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Using Snippets and Script Libraries to Monitor AWS APIs

By Heitor Tashiro Sergent on .

One of the most common programming principles that we learn as developers is to generally avoid repeating yourself, or DRY. Copy-pasting the same lines of code is replaced with creating abstractions in the form of methods or functions that can be used and re-used in multiple places across a project, which in turn will make your code easier to understand and modify.

That same idea of avoiding repeating code can be applied to Runscope API monitors by using our Snippets and Script Libraries feature.

A few months ago we added the aws4.js library to our script-libraries repository and...

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Categories: howto, tutorial, monitoring


Design Thinking and Wicked Problems for APIs

Design Thinking and Wicked Problems for APIs

By Ash Hathaway on .

This is a post from our Featured Guest Series! Ash Hathaway shares her experience as a former developer turned product manager for APIs, and how design thinking has helped her team solves difficult technical problems.

If you're interested in sharing your knowledge on our blog, check out our Featured Guest Series page for more details.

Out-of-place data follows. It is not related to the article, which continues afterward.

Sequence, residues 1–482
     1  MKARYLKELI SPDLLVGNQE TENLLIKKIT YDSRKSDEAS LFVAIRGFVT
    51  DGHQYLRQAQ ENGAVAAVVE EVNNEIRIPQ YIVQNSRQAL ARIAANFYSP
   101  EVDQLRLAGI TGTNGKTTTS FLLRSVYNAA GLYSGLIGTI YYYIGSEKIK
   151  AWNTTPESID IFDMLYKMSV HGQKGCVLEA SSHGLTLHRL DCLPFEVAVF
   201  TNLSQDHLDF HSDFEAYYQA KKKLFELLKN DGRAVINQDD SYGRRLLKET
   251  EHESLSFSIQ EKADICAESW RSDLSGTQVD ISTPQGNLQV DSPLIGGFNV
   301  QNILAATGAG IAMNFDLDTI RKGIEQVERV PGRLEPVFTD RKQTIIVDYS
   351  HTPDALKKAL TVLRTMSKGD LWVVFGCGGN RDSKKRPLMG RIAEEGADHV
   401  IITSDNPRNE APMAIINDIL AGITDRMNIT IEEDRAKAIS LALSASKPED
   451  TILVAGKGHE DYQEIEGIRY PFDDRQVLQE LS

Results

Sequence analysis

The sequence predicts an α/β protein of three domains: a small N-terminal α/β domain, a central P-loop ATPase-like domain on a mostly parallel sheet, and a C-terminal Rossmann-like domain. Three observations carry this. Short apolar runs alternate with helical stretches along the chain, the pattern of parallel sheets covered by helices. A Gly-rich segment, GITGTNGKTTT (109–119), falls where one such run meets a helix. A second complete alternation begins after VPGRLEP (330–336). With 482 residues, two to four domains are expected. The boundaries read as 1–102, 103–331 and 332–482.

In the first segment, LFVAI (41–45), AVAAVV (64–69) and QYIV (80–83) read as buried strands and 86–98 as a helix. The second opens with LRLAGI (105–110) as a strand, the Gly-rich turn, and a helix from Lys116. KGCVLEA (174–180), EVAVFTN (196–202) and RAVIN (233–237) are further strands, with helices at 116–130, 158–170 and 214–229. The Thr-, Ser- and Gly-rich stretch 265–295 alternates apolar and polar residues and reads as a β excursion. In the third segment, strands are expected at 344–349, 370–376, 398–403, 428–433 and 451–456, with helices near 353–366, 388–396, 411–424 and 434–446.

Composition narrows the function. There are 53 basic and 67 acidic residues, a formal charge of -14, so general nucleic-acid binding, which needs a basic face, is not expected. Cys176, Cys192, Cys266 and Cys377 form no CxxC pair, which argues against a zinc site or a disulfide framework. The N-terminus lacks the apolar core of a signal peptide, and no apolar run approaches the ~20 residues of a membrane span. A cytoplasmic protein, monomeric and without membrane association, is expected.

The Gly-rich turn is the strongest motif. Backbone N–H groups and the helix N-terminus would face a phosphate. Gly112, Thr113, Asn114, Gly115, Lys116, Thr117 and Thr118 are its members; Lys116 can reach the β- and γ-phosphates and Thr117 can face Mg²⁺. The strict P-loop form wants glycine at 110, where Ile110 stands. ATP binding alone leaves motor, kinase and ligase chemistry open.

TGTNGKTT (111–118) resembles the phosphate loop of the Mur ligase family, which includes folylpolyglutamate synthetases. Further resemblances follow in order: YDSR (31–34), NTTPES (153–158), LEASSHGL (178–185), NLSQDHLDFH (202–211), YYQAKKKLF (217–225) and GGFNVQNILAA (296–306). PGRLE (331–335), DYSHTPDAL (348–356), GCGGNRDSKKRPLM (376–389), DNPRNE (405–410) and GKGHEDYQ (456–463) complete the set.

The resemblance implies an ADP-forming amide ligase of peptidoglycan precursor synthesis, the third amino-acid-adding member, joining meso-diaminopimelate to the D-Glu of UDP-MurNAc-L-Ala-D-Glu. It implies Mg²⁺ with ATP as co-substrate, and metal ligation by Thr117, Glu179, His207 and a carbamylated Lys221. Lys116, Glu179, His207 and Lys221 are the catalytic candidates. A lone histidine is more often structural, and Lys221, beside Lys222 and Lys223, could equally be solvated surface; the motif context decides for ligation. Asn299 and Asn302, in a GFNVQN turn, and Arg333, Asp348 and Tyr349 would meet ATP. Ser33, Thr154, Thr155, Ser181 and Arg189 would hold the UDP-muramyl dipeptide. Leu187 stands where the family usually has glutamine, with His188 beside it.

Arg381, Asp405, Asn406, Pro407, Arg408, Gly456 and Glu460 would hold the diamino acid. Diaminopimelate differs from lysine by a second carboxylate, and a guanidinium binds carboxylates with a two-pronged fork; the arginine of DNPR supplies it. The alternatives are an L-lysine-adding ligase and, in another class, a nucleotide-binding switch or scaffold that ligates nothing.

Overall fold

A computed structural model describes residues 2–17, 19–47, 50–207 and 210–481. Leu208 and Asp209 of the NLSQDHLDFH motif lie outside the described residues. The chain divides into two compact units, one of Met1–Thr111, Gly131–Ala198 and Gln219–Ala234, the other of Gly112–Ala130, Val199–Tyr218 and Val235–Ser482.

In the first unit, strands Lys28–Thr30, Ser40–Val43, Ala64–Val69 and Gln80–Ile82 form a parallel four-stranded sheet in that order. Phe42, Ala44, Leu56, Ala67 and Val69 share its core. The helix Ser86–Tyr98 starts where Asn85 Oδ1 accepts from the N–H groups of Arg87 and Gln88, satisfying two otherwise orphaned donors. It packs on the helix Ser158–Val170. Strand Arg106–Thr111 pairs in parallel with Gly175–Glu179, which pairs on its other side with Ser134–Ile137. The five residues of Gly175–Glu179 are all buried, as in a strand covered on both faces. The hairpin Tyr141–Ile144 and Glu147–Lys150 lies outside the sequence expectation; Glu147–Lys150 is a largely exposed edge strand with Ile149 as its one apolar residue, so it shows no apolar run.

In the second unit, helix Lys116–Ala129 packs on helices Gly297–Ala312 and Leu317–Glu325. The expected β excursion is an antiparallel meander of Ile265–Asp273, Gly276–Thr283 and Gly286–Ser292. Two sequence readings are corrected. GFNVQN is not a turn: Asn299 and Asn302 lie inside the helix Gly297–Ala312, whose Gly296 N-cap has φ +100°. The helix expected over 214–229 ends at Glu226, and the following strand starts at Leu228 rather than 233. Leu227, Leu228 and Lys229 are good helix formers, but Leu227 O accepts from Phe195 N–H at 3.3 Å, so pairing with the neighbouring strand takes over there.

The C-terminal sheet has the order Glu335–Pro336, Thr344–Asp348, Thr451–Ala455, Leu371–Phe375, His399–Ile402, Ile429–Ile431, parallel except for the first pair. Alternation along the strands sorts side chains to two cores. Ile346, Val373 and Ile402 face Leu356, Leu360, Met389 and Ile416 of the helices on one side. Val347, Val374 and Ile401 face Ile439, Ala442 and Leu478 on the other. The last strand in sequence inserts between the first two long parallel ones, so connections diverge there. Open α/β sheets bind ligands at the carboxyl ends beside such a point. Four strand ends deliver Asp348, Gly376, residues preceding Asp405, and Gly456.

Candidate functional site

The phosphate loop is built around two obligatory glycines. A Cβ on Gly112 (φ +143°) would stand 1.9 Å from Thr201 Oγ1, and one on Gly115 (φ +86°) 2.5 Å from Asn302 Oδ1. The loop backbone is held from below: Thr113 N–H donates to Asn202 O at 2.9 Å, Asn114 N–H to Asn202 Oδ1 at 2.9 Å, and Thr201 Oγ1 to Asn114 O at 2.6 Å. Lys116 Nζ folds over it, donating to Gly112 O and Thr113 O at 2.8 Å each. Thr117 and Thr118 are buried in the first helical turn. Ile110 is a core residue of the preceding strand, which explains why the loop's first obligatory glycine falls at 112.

You may have heard of design thinking or even participated in a workshop using lots of sticky notes. Done correctly design thinking is an insanely fun way to generate tons of ideas with your team, create buy-in, and leapfrog ideas all centered around your user. So, what is it? And why does it matter for APIs?

Design thinking is a way to solve complex and multidimensional problems smarter together. The roots of design thinking are in human-computer interaction design which evolved into a framework to innovation. More specifically it touts methods to find overlap in business strategy, technological feasibility, and user needs. It is a “process for creative problem solving,” according to IDEO, an international design consulting firm and large proponent (some might say the OG) of design thinking in mainstream tech today. 

Why design thinking makes sense for APIs

So what does this have to do with APIs? APIs are like super technical and deal with code. That has zero to do with...

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Categories: featured guest series, community, apis


How to Sync your OpenAPI Schema in Stoplight with GitHub and Runscope

How to Sync your OpenAPI Schema in Stoplight with GitHub and Runscope

By Glen Semino on .

This is a post from our Featured Guest Series! Glen Semino shows how to combine Stoplight and GitHub APIs with Runscope to keep your OpenAPI Schema always versioned and up to date.

If you're interested in sharing your knowledge on our blog, check out our Featured Guest Series page for more details.

About a month ago after I and part of the SYNQ team attended the APIDays SF conference, we reflected on what we had learned at the conference. One of the things we realized was that our API spec documentation needed quite a bit of improvement. And among the tools discussed in the conference was Stoplight, which helps one design, document, mock, and test APIs. 

We decided to give Stoplight a try to rewrite and edit our API spec. Once we started, I noticed that I was often manually syncing our Open API spec (OAS) file that Stoplight generates with our GitHub repo. I wanted a way to automate this process so that regardless of what gets edited/changed in Stoplight, Stoplight and GitHub are always in sync.